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State Pattern

The State pattern allows an object to alter its behavior when its internal state changes. The object appears to change its class. The Figure illustrates the State Pattern.

StateContext aggregates abstract State. ConcreteStateA and ConcreteStateB inherit from abstract State.


The following lists the benefits of using the State pattern:
  1. Localizes state-specific behavior and partitions behavior for different states .
  2. Make state transitions explicit.

When to Use:

You should use the State pattern when:
  1. An object's behavior depends on its state and it must change its behavior at run-time depending on that state.
  2. Operations have large conditional statements that consist of multiple states and depend on the object's state.

The State design pattern is one of the most useful patterns of those described within the Gang of Four. Games often depend on the State pattern because objects can change states so frequently in games. The purpose of the State pattern is to allow an object to change its behavior when the state changes. Many other simulations, whether they are games or not, depend on the State pattern as well. The Figure below shows the basic design pattern in a class diagram.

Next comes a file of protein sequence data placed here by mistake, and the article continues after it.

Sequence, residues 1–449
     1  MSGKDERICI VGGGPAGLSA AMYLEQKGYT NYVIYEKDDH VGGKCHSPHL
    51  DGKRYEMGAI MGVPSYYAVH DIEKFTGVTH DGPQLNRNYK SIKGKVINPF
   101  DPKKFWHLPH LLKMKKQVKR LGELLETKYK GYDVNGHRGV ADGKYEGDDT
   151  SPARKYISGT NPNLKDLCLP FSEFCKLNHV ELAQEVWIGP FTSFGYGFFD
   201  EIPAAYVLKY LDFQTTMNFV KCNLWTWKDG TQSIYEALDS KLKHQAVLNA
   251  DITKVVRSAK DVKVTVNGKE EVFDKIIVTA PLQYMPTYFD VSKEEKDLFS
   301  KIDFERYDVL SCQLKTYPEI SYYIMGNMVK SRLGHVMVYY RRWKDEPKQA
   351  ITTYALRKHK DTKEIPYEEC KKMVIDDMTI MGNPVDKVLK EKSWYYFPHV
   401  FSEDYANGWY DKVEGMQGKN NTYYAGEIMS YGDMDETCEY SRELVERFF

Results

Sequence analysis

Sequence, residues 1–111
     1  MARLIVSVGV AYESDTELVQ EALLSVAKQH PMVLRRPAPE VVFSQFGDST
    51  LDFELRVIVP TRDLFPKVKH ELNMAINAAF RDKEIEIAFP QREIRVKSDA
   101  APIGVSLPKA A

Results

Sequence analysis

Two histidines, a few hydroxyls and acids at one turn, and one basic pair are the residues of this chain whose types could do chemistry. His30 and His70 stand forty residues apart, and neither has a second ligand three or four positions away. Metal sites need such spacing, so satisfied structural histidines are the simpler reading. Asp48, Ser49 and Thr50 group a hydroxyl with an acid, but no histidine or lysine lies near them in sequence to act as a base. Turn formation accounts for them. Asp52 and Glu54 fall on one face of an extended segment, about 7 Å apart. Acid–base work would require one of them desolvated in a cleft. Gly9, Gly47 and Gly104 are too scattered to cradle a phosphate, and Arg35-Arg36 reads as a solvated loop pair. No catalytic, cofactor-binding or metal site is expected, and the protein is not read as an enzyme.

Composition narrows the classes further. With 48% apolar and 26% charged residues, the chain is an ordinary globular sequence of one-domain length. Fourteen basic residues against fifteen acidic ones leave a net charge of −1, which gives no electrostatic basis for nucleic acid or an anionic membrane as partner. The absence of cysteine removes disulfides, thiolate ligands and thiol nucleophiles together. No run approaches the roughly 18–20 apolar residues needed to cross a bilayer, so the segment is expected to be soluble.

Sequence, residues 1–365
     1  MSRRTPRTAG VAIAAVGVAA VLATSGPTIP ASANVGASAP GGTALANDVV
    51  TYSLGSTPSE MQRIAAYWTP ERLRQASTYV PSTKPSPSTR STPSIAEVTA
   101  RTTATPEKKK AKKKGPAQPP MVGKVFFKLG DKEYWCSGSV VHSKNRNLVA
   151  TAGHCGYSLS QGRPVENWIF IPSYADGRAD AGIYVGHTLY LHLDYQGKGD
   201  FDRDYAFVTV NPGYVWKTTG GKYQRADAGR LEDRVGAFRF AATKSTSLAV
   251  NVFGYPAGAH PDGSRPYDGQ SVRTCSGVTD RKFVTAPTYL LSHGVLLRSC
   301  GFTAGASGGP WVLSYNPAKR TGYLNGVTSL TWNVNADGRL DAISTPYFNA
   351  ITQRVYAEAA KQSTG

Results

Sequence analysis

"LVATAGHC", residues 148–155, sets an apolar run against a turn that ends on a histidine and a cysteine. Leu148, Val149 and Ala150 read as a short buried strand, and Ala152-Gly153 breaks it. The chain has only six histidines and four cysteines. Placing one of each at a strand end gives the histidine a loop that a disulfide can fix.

State design pattern class diagram

As shown, there is no Client class. However, the GoF book says that the Context is the primary interface for the clients. When examining the pattern, think of the Client class making its request through the Context class. There is a lot to understanding and effectively using the State design pattern, so for now, just take a quick look at the class diagram; the details will be unrolled gradually.